To be honest though, it's never been a defining feature of my life. Not sure if I've just been in denial, but I feel like I've always had a strong female presence in my life. When I had my son though, I did feel painfully aware that I was never loved or cared for the way I love and care for my ds, and that many children in this world grow up in similar situations.
My mum died suddenly too young, and I miss her still so badly, but one lovely thing that I found when I did have my DC was that I suddenly 'knew' her so much more - I could identify with her life experiences and with the 'mother' side of her. Strangely my children (both unplanned!) have exactly the same age difference (2 years 9 months) as my brother and myself....
I think I remember reading that book back when ds1 was born (he's ten now) - does it have a white cover with a photograph and some writing on it? (he didn't sleep - only vague memories of the whole period!). I remember it being very important to me.
I have married recently and have a wonderful MIL for the first time and now I have someone who adores my children and is a 'granny' figure for the first time and it's wonderful, but also tinged with a sort of sadness/longing that I know will never be 'fixed'... gosh I love my MIL!
Very interesting thread Leo. And would like to discuss more with others, its quite isolating even now at 34 I don't know many people who are motherless, some fatherless but not many.
I will def be having a look at the book.
I am motherless mother, Mum died when I was 17, DB 22 and DSis 15. We had no contact with our father so were effectively a parentless family unit for at least 18 months till I went to uni, follwed by my sister a year later. We then sold the house and have lived independently of each other since then although we still have very close realtionship.
It is very interesting what the book says about fear of dying early, I have this to a certain extent. I was very happy to have DS and wanted another boy, was fearful of having daughters. Felt unsure of the relationship (despite a wonderful realtionship with my mother) and was scared of dying early and leaving her as I was left. But never felt like that about DS?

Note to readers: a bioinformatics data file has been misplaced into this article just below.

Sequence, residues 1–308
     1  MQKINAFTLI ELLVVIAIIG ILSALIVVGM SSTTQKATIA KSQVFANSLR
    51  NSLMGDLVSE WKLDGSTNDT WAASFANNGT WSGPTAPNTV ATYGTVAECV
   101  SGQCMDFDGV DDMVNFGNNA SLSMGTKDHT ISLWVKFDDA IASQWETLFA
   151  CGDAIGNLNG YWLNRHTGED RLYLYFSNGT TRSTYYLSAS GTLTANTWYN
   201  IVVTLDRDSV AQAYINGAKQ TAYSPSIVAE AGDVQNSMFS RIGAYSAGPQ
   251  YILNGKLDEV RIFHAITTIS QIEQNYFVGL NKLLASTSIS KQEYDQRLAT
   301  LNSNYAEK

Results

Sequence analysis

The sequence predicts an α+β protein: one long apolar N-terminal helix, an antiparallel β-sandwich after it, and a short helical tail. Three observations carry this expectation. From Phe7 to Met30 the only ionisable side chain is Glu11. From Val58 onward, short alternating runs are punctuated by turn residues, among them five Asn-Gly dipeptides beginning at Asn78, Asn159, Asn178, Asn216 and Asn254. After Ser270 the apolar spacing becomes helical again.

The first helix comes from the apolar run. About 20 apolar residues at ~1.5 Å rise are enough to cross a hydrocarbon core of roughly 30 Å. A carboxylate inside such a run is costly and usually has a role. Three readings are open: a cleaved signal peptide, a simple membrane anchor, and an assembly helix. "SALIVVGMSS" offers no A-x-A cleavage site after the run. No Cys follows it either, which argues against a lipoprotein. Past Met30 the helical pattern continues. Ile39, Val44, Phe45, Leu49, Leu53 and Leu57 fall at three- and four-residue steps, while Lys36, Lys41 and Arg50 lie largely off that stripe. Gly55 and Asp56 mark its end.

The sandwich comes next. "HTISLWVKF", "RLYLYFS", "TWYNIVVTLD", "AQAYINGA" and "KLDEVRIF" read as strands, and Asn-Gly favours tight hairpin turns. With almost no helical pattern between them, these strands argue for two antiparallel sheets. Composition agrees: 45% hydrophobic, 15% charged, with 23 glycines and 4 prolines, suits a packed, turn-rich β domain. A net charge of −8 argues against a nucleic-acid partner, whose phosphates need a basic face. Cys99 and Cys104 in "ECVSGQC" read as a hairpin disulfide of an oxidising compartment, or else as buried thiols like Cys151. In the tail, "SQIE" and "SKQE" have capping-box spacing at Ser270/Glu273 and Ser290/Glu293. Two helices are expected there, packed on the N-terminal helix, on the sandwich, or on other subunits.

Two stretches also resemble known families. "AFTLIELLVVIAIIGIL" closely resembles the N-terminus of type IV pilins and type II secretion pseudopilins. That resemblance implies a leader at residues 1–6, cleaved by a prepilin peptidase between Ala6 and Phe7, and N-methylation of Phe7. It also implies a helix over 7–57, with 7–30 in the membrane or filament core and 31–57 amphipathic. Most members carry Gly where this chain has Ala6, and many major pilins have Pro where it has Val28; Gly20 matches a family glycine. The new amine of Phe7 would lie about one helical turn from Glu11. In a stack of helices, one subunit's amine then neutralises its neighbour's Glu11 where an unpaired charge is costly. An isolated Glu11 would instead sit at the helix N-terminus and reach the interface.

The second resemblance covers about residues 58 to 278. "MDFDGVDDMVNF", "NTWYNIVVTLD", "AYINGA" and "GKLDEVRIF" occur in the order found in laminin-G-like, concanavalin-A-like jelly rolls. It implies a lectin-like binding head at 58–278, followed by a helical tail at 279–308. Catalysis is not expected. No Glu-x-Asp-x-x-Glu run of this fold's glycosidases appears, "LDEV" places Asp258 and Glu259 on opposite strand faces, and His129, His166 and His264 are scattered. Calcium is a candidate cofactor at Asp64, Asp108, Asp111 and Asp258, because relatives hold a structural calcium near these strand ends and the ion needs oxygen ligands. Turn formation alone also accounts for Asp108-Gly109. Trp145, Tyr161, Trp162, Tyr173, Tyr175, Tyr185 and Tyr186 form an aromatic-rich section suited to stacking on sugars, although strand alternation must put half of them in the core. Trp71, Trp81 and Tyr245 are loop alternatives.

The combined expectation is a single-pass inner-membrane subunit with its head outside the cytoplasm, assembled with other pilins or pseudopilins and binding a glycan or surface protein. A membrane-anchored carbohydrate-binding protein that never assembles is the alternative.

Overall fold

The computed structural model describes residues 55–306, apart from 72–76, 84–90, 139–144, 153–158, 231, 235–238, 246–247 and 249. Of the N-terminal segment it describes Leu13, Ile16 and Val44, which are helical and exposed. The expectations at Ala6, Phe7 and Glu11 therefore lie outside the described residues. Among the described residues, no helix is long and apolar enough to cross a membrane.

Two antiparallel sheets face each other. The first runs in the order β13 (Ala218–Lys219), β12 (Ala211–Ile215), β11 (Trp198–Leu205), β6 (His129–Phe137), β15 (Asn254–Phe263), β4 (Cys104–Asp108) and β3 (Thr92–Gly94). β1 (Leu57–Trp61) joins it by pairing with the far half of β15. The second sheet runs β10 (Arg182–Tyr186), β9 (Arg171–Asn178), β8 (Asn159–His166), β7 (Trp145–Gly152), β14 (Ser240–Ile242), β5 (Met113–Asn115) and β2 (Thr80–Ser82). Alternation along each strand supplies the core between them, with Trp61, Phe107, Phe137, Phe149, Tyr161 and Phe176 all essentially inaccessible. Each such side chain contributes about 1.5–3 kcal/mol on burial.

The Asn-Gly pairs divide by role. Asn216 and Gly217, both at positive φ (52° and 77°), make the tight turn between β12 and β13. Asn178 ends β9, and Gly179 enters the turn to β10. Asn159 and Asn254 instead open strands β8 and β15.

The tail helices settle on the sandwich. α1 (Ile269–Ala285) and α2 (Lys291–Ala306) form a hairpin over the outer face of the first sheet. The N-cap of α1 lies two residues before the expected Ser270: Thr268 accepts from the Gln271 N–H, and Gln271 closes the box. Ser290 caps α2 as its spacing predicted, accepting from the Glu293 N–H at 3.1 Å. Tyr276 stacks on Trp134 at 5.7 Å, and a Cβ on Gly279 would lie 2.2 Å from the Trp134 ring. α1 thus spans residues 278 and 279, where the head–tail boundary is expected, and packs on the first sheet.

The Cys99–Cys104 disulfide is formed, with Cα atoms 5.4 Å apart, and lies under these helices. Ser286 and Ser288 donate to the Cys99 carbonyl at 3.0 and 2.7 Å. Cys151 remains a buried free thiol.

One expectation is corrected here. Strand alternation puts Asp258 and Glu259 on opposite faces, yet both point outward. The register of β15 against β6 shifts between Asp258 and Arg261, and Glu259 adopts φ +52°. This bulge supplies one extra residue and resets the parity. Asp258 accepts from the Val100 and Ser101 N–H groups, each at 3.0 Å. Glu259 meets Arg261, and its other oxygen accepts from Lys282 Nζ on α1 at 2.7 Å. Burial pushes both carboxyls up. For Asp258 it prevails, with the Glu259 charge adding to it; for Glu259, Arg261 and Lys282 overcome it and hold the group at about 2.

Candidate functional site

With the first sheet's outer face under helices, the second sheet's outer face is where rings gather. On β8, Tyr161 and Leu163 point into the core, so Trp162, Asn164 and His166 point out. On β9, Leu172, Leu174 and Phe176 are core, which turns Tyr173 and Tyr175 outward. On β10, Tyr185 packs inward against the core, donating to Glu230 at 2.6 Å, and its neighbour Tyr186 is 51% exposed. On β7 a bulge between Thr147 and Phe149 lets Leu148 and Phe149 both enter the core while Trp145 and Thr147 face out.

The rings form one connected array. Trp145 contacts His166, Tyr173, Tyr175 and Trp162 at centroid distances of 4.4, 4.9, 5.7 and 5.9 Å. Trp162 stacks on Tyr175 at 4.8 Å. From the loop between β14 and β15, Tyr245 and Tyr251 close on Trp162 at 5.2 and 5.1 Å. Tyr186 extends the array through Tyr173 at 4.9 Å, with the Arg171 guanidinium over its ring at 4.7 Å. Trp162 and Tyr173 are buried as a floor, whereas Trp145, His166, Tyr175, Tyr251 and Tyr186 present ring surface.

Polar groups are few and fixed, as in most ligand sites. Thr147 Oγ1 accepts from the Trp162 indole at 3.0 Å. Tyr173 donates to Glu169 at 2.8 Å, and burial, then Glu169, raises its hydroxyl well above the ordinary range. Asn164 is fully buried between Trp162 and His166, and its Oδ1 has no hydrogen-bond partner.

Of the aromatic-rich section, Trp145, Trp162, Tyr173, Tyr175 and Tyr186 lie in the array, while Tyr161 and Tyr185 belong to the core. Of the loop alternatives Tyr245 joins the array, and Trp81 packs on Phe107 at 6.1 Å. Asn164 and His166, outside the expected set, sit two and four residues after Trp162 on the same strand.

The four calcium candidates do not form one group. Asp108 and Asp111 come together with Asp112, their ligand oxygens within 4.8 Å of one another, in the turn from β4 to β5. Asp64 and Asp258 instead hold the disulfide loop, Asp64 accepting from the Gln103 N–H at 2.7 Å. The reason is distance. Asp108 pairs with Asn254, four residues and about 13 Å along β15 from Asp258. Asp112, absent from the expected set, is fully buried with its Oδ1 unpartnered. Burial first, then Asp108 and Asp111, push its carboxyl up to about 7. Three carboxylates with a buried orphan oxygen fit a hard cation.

DD born in Dec 10 and actually I have been totally fine, love her dearly and not really thought about it too much, she is just my child IYSWIM?
Although perhaphs the sheer exhaustion of 2 under 3yo has prevented any self reflection, feel lucky to make it to the end of each day at the moment!!
And brown eyes emphathising with the child care issue. We have my sister and some close friends but that's it, DH's family live about 30 miles away. My MIL also died about 5 years ago so she never met the DC's either. A distinct lack of Grandma's in our house!
Have DH's Dad who is lovely but not very Grandaddy, bit clueless and could never leave kids with him, he wouldn't know where to start. DH's sisiter are fab though , DC's have brillaint Aunties and Uncles which I think really helps.
My Mother died when Ds1 was 3 months old. She was very ill throughout my pregnancy, and I found it difficult to cope without her prescence in my life. I went on to have 3 more chidren , the two youngest are identical twins and I know my Mother would have adored them, as she lost twins when my older sister was about 2 years old.